In 2010, President Obama signed legislation that significantly altered the healthcare and health insurance markets in the United States. An integral part of that reform is the individual mandate, a provision that requires individuals to purchase and maintain healthcare insurance. Failure to maintain such coverage subjects an individual to a tax penalty. The Supreme Court upheld the constitutionality of that provision under Congress’s taxing power. Despite the Supreme Court upholding the individual mandate, fundamental questions remain. This Article addresses the question of whether the use of a tax penalty to encourage taxpayers to do something that the government desires is normatively a bad policy. Many commentators have contended that a tax penalty is economically equivalent to the current tax system’s use of deductions and credits to encourage behavior. This Article argues that despite some similarity, there are major differences between the two that should lead Congress to reconsider the desirability of using a tax penalty approach in the future. This Article also considers whether the use of the Internal Revenue Service to administer and enforce a penalty that has little to do with the correct baseline of income will have an adverse effect on general tax compliance. This Article explores the individual mandate tax penalty in detail. It explains the mechanics of the tax penalty provision and points out several ambiguities in the provision that will likely require clarification. It also explores whether the extent of some of the problems in the healthcare system at which the mandate is aimed have been exaggerated. The Article concludes that Congress should reexamine the pros and cons and unintended consequences of using a tax penalty to induce behavior before going down a similar road.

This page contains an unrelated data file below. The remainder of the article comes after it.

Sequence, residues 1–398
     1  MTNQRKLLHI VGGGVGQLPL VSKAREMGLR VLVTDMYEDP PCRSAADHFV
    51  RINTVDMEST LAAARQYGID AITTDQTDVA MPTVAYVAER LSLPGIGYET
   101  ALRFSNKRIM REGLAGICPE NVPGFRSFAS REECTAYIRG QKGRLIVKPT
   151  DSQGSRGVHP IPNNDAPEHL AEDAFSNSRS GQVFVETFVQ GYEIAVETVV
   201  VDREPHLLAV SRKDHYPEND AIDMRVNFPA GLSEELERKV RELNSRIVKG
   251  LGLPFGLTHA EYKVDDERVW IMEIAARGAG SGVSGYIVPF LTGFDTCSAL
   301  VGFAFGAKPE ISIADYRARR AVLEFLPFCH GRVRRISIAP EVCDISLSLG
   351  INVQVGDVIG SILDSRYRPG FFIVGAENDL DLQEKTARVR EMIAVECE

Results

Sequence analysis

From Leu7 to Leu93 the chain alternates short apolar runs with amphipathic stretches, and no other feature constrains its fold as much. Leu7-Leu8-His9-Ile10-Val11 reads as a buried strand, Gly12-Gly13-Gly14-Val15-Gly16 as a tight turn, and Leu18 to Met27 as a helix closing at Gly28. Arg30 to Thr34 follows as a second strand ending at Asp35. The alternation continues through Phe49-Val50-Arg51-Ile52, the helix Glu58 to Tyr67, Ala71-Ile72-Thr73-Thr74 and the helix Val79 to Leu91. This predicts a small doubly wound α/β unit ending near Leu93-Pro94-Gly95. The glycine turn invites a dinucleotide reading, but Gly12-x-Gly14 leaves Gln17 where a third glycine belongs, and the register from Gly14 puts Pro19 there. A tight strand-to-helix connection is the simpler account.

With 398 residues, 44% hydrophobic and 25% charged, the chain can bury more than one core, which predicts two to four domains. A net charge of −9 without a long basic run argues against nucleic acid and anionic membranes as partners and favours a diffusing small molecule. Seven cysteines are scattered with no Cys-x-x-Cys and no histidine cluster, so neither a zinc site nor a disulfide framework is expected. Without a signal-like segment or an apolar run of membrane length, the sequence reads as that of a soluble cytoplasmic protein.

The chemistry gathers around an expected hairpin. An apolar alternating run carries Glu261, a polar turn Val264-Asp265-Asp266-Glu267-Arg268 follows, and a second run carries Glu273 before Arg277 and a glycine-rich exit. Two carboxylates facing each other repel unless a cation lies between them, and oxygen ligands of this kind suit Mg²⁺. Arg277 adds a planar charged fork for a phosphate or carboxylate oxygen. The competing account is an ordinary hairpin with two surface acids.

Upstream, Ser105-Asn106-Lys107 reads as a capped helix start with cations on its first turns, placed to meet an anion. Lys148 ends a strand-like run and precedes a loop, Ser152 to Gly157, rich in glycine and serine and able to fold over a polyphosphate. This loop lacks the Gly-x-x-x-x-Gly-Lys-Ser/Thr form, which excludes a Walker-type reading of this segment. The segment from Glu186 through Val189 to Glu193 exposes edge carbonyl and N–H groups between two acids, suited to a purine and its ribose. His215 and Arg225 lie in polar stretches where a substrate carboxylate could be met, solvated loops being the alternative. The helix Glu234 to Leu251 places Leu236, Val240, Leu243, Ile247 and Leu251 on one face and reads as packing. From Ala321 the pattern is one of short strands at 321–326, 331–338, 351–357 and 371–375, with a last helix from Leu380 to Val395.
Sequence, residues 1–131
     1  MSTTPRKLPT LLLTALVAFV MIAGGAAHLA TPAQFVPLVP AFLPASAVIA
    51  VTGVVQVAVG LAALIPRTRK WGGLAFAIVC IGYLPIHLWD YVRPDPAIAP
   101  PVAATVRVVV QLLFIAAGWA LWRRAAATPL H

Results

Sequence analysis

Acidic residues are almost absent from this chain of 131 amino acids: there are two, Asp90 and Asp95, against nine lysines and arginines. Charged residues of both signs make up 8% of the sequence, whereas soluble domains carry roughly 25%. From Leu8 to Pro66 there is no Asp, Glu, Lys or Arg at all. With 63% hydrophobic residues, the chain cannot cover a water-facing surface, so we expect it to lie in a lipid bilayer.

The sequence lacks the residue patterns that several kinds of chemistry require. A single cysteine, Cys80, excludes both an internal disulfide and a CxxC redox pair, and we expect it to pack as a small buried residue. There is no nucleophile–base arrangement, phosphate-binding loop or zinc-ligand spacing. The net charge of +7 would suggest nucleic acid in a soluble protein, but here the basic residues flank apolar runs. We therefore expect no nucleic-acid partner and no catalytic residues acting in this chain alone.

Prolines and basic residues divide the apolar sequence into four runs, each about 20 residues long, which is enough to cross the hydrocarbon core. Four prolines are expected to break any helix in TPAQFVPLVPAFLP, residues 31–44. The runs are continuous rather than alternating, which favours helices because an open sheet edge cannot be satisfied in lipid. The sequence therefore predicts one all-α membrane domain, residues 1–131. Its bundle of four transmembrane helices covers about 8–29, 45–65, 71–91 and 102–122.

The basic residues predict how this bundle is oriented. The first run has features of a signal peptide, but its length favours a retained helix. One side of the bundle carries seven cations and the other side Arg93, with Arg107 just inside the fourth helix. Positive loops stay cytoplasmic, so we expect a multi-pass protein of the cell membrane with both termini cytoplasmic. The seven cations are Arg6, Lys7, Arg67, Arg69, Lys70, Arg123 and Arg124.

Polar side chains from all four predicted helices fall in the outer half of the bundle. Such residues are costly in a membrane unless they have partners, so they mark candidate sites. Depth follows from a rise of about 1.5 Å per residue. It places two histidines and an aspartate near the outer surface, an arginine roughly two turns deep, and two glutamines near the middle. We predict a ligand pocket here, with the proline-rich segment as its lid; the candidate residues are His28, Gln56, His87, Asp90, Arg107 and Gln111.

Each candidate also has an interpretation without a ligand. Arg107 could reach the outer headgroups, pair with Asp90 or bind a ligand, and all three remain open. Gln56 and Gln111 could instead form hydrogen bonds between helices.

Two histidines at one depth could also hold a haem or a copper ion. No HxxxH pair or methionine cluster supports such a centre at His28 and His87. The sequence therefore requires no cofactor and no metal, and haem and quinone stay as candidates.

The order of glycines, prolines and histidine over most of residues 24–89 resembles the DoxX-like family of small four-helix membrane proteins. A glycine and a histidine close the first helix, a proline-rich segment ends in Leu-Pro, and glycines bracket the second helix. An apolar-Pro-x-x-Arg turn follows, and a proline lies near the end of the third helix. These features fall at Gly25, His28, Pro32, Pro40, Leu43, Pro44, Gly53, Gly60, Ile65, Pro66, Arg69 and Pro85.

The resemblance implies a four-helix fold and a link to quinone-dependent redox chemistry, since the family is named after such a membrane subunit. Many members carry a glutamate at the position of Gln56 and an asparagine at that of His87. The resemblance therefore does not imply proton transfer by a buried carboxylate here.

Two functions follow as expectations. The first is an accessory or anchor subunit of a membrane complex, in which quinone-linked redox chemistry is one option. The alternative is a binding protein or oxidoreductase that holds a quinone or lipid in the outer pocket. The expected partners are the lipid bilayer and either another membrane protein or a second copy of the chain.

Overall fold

Jeffrey H. Kahn,
The Individual Mandate Tax Penalty,
U. Mich. J. L. Reform
Available at: http://repository.law.umich.edu/mjlr/vol47/iss2/2